Members of a police accountability task force set up by Chicago Mayor Rahm Emanuel are not on board with his plan to select a permanent leader for the agency that investigates shootings by officers.
A statement from Emanuel’s office on Tuesday said he would choose the Civilian Office of Police Accountability’s chief administrator with help from an advisory panel he is forming. Retired Cook County Judge Patricia Banks will run the agency on an interim basis, replacing Sharon Fairley, who is preparing to step down.
Emanuel making the selection would not jibe with a recommendation of the Police Accountability Task Forc e, a panel he created during a public outcry over the Laquan McDonald video. The task force last year recommended dozens of steps, including the creation of COPA and a community board whose powers would include selecting that agency’s chief.
On Wednesday, task force chair Lori Lightfoot urged the City Council to follow that recommendation.
“In these times, where there’s a heightened scrutiny on the part of the public about every facet of the local policing infrastructure, it’s important to come up with a process and an end result that people are going to respect and that’s going to have legitimacy,” said Lightfoot, president of the city’s Police Board, which makes final decisions on firing officers.
Victor Dickson, another task force member, said its recommendations were designed to be adopted as a whole, not à la carte.
“The community oversight board was a way to ensure that the community is engaged and to build credibility so the community has confidence in policing,” said Dickson, head of the Safer Foundation, a group that helps former prisoners rejoin the workforce.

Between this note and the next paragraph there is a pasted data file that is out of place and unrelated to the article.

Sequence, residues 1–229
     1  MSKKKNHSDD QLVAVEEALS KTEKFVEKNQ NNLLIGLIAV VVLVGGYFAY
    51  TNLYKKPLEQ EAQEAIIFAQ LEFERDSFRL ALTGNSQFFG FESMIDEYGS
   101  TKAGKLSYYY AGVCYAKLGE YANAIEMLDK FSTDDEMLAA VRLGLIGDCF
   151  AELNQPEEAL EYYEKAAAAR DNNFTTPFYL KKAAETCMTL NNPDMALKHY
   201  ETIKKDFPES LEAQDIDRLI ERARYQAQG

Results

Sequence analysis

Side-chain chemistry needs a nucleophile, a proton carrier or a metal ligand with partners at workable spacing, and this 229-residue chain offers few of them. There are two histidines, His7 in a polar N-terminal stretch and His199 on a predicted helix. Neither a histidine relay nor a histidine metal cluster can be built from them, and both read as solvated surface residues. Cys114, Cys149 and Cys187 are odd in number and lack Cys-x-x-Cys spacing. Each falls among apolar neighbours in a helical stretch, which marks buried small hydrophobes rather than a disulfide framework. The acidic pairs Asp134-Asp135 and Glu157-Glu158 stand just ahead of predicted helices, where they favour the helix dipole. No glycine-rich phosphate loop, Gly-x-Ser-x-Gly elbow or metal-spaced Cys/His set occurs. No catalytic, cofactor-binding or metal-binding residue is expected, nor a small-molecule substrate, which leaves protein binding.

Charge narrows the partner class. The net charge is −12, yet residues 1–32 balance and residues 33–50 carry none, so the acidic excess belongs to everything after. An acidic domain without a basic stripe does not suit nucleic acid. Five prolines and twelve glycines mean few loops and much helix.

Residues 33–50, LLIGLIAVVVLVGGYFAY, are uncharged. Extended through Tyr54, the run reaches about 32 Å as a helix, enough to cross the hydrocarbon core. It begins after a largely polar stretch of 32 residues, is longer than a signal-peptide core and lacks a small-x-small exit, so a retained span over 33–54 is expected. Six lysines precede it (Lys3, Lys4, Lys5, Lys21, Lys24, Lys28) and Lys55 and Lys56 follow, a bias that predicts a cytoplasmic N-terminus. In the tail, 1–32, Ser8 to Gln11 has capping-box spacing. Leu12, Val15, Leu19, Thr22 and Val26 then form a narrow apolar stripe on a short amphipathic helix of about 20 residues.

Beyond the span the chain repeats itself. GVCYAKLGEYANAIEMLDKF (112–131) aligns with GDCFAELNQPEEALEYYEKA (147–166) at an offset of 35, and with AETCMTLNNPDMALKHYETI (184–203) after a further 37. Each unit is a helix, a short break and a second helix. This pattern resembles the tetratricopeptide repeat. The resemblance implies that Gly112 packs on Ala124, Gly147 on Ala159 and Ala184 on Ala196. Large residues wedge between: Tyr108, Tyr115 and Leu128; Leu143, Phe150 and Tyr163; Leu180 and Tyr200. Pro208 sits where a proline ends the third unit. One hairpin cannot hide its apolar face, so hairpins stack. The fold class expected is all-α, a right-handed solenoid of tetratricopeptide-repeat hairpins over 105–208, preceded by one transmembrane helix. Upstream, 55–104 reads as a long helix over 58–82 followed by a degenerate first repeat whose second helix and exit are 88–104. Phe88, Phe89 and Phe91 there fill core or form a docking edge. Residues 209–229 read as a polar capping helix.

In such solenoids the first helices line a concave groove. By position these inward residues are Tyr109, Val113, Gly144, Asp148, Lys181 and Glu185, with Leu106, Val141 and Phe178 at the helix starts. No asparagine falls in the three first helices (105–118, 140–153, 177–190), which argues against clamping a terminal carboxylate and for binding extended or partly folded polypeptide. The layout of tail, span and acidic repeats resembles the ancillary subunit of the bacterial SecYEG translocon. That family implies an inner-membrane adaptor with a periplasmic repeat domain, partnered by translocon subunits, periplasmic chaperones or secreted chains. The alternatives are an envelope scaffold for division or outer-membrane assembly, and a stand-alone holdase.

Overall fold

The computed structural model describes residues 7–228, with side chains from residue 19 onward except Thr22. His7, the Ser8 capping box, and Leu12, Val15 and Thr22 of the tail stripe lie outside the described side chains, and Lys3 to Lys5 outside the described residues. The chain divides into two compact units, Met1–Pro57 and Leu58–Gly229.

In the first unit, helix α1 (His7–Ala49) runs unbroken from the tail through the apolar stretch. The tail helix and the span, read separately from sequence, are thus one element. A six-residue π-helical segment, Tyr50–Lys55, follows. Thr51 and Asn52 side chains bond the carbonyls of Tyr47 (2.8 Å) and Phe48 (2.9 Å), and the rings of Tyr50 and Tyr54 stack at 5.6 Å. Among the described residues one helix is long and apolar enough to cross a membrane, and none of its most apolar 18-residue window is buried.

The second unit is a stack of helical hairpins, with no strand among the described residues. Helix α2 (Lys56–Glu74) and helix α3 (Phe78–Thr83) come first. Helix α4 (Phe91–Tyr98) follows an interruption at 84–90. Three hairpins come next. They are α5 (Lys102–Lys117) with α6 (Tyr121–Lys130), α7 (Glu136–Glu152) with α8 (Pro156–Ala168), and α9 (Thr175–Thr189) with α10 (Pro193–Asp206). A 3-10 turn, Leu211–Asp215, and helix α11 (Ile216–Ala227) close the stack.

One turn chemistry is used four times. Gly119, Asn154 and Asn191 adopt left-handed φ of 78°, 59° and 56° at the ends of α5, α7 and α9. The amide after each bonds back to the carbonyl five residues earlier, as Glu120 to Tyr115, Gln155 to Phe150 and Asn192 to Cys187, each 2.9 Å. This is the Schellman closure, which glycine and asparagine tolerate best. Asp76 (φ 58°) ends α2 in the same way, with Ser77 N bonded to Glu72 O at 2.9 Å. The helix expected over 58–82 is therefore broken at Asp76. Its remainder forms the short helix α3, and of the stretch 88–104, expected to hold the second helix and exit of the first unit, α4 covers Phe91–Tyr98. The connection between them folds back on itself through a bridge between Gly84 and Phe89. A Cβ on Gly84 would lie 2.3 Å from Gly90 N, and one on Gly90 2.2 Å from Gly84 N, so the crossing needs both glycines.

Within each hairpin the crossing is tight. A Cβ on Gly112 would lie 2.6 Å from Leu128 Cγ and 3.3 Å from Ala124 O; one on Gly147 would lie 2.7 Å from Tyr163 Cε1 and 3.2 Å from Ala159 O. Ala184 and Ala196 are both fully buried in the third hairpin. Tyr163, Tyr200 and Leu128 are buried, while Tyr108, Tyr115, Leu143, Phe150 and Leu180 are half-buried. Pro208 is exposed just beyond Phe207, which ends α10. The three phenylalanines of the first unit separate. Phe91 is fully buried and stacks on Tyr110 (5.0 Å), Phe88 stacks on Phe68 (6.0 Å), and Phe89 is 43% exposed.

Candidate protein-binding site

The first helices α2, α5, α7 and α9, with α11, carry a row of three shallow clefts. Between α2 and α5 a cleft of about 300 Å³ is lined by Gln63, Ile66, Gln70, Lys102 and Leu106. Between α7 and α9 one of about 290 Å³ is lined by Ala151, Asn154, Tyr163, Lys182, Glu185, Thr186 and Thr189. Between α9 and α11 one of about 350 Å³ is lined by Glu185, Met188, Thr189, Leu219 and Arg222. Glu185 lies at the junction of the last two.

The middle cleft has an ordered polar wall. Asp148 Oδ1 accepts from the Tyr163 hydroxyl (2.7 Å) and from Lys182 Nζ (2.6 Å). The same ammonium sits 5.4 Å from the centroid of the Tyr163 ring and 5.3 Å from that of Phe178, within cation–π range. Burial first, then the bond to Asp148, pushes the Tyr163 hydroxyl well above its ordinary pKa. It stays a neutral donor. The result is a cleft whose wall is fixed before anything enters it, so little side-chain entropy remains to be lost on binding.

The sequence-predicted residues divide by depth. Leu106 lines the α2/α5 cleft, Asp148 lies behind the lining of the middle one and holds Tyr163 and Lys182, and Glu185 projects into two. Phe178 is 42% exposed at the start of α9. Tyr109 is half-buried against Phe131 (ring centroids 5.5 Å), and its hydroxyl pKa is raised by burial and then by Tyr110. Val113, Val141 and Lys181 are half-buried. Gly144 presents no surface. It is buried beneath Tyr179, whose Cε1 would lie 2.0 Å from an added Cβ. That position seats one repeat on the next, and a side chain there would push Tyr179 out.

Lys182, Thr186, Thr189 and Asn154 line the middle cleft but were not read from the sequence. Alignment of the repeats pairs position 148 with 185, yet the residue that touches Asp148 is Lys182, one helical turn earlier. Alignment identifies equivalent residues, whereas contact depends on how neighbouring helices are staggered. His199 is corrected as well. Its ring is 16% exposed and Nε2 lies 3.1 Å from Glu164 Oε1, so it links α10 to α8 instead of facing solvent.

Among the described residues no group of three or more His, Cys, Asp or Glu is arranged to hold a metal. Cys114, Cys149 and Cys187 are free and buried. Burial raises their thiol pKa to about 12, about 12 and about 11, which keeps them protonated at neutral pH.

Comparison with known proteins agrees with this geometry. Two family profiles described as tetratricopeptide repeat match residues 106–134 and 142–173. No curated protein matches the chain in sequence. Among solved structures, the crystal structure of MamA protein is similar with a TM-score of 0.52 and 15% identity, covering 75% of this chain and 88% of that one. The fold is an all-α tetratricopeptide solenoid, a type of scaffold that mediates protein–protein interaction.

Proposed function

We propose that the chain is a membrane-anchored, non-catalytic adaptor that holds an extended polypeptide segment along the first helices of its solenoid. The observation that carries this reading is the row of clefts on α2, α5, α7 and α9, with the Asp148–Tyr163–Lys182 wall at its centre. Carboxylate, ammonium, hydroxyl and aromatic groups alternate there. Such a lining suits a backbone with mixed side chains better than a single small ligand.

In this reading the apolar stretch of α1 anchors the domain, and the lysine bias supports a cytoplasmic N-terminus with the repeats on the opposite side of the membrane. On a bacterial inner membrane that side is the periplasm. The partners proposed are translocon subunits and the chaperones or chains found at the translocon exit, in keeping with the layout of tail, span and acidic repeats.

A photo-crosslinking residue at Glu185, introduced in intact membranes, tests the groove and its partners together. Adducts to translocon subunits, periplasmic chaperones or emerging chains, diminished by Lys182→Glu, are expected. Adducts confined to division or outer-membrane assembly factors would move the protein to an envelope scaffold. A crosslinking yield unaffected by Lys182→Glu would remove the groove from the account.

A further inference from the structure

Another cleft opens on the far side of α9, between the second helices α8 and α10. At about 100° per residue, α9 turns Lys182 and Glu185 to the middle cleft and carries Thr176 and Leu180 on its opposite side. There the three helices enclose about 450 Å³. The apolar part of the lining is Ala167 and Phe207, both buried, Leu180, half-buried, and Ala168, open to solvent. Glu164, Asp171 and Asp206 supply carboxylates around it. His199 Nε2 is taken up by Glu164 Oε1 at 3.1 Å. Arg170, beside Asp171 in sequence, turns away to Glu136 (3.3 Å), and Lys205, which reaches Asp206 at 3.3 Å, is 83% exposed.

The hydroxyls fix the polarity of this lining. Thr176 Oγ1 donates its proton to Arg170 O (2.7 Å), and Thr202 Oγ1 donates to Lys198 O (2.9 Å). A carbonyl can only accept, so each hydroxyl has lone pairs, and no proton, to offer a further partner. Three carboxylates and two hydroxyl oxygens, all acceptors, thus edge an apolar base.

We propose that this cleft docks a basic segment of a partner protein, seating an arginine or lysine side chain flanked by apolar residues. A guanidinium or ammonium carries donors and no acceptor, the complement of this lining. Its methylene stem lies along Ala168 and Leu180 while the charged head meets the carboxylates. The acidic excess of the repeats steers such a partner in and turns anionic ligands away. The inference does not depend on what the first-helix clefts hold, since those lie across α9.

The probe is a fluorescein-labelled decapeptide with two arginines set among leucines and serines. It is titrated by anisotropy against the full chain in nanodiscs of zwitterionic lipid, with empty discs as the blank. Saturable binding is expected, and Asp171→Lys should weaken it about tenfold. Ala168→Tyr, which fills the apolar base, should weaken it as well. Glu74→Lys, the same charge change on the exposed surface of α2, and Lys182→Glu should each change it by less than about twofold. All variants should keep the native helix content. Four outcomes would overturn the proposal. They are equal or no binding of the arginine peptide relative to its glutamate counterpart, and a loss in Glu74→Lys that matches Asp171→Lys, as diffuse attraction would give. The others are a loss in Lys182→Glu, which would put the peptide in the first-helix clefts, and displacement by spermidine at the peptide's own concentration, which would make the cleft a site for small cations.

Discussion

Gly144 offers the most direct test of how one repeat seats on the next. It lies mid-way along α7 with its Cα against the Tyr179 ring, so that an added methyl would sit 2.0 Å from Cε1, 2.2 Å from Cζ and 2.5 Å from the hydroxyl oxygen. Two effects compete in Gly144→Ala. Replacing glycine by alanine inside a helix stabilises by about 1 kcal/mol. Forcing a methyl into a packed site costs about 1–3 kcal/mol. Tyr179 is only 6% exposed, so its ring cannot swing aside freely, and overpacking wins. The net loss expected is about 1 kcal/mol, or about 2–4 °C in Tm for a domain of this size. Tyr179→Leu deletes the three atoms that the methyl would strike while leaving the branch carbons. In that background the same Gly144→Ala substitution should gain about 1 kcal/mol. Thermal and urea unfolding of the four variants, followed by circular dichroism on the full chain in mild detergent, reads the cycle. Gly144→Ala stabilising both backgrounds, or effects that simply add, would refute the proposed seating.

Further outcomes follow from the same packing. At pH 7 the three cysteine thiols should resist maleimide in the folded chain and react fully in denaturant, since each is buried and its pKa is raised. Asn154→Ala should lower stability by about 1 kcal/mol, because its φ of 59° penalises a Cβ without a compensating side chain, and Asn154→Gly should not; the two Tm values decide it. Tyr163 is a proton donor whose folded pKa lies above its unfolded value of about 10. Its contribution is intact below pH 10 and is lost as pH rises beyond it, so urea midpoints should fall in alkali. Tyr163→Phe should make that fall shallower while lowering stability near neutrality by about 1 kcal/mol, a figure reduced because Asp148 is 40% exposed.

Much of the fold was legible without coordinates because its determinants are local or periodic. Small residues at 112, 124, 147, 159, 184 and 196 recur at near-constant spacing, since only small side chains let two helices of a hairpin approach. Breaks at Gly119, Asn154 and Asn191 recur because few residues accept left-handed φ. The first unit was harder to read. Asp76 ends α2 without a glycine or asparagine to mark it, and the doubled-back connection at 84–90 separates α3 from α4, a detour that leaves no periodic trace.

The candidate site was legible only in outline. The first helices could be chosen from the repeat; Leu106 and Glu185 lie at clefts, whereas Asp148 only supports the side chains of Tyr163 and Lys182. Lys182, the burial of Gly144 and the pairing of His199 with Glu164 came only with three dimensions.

Last year, Emanuel said he would create the board but, according to his staff, he acceded to a request from community groups to help design it.
Some local foundations provided funding for the Grassroots Alliance for Police Accountability to gather community input and develop a proposal for the board’s composition and roles.
After more than a year of work, GAPA coordinator Mecole Jordan said Wednesday that the alliance will unveil its proposal next month.
Jordan said the length of the GAPA process owes to two factors. “First, we had to get through the anger and pain that is a very real part of the community because this has been a decadeslong problem of community members saying that they have been harassed and hurt and abused by those that are supposed to protect them.”
Second, Jordan said, was a lack of understanding among community members about the city’s byzantine police-accountability apparatus.
“I’m hoping that, when our recommendations come out, the mayor will review them and slow down and make sure the community voice is heard and make sure that the selection process while the community-oversight board is being established is responsive to the community’s concerns and needs,” Jordan said.
Emanuel put Fairley in charge of COPA’s predecessor, the Independent Police Review Authority, nearly two years ago during the uproar about the McDonald video.
Her planned departure emerged from the mayor’s office last week. A COPA spokeswoman said Fairley is considering a run to replace outgoing Illinois Attorney General Lisa Madigan.
At a news conference last week, Emanuel would not answer whether there would be a community board to choose Fairley’s successor.
“I’m going to be naming a process that has input to have a set of names that reflect, I think, the independence and authority we’ve built over the last 22 months,” he said.
On Tuesday, after the statement announcing Emanuel’s plan for replacing Fairley, his aides did not answer messages asking what role, if any, the plan left for a community board.
Kevin Graham, president of a Fraternal Order of Police lodge that represents 10,000 Chicago cops, urged Emanuel to choose a COPA chief who would treat officers fairly, something he accused Fairley of not always doing.
“We see this as a great opportunity for the mayor to appoint someone who supports good law enforcement and proper investigations,” Graham said.